Thursday, July 16, 2015


Is there a good of overall health, over and beyond particular goods of health, such as having keen eyesight, being able to run fast, etc.?

Suppose you have a broken leg and you believe this was your only health problem. But then you learn that your hearing is below normal and that this cannot be cured. Before you learned this bad news, you thought that fixing the fracture would both restore the health of the leg and overall health. But after learning the bad news, you knew that fixing the fracture would restore the health of the leg but not overall health. If overall health has a value over and beyond its components, then your level of motivation should go down, since previously actions that promoted the health of the leg apparently promoted two goods, while now you see that they promote only one. Yet surely your motivations wouldn’t decrease, or they hardly would. This suggests that the good of overall health is either not a further good or at best a minor good.


Heath White said...

1. I think what the argument shows is that broken legs and poor hearing are INDEPENDENT bads. If you found out that, in addition to a broken leg, you also had a broken foot, so that even fixing the broken leg would (still) not allow you to walk properly, then your motivation to fix the broken leg might decline. (Maybe it costs a lot of money.) But one might then argue that if broken legs and poor hearing are independent bads, then there is no common good of which they are parts except perhaps in the simplistic sense of a sum.

2. What if I had two well-functioning legs but one was much longer than the other? Then *I* would not be well-functioning. If there is a good of health above and beyond goods of the parts, then it would be the goodness of how all the parts fit together or work together. It is hard to see how well-functioning legs and well-functioning hearing would have this kind of interdependence, however, which is some argument that “health” per se is not anything over and above the sum of its parts.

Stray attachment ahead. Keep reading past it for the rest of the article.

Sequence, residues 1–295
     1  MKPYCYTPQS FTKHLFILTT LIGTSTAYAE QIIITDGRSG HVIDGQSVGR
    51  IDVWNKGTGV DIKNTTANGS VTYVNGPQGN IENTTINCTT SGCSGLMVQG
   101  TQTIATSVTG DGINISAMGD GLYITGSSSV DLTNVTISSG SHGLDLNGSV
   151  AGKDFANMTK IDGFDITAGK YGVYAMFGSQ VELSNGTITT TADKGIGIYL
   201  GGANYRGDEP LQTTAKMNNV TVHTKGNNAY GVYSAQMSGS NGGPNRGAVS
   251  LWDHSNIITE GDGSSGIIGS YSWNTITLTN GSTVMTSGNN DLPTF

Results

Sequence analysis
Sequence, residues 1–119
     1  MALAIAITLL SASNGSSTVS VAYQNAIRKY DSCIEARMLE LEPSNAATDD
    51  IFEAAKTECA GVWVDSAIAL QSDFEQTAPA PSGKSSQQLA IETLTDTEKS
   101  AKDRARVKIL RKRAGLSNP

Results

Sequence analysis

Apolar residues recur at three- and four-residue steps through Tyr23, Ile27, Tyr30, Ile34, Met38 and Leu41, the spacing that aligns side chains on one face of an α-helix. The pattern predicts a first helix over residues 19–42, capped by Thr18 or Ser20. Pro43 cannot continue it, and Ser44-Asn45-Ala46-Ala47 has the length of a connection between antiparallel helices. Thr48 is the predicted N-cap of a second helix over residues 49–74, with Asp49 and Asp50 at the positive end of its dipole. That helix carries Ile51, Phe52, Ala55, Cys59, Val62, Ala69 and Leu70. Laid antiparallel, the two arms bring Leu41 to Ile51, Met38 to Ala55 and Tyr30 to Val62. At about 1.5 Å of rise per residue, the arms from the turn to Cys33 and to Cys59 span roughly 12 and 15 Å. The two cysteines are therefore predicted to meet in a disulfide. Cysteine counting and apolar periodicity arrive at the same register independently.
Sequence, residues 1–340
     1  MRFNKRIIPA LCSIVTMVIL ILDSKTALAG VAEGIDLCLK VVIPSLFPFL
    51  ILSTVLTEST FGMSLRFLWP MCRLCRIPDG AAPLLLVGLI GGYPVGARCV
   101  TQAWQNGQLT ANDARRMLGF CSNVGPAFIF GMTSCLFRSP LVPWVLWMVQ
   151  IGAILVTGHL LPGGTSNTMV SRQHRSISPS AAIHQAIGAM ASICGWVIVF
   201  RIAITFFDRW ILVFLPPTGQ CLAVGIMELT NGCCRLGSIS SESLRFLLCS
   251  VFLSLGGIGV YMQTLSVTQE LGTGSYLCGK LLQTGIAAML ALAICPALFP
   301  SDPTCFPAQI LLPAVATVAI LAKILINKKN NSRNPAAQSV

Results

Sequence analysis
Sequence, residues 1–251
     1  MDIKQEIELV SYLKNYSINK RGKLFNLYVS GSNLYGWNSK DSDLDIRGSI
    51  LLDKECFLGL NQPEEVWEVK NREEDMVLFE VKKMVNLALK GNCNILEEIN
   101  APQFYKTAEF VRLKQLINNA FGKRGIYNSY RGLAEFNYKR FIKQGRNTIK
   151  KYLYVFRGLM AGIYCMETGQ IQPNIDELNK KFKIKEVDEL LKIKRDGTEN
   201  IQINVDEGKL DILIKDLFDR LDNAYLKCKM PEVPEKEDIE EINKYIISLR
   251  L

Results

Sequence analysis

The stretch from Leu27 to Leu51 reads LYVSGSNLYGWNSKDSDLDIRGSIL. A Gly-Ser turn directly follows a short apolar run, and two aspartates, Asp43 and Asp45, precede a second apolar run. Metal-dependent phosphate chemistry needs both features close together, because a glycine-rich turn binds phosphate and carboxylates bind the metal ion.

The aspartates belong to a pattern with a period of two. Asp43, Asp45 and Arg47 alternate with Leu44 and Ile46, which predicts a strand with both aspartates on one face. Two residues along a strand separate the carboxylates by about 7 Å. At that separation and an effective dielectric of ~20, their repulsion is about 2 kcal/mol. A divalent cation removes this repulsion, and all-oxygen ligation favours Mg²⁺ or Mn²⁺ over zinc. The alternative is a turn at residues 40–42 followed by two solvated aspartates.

Alexander R Pruss said...


This is helpful, and your examples are very helpful.

The theory I am playing with is that the good of health is a mere sum of the goods of having various powers. On reflection, the broken leg and poor hearing are not entirely independent. A healthy leg and good hearing are both needed to give one the power to dance well. But it is because of the unavoidability of the loss of the power of dancing that the motivation to fix the leg goes down, not because of the unavoidability of the loss of total health.

Your final example fits into my fuller story. The actual combined good is not health as such, but the various powers that require a coordination between hearing and leg motion.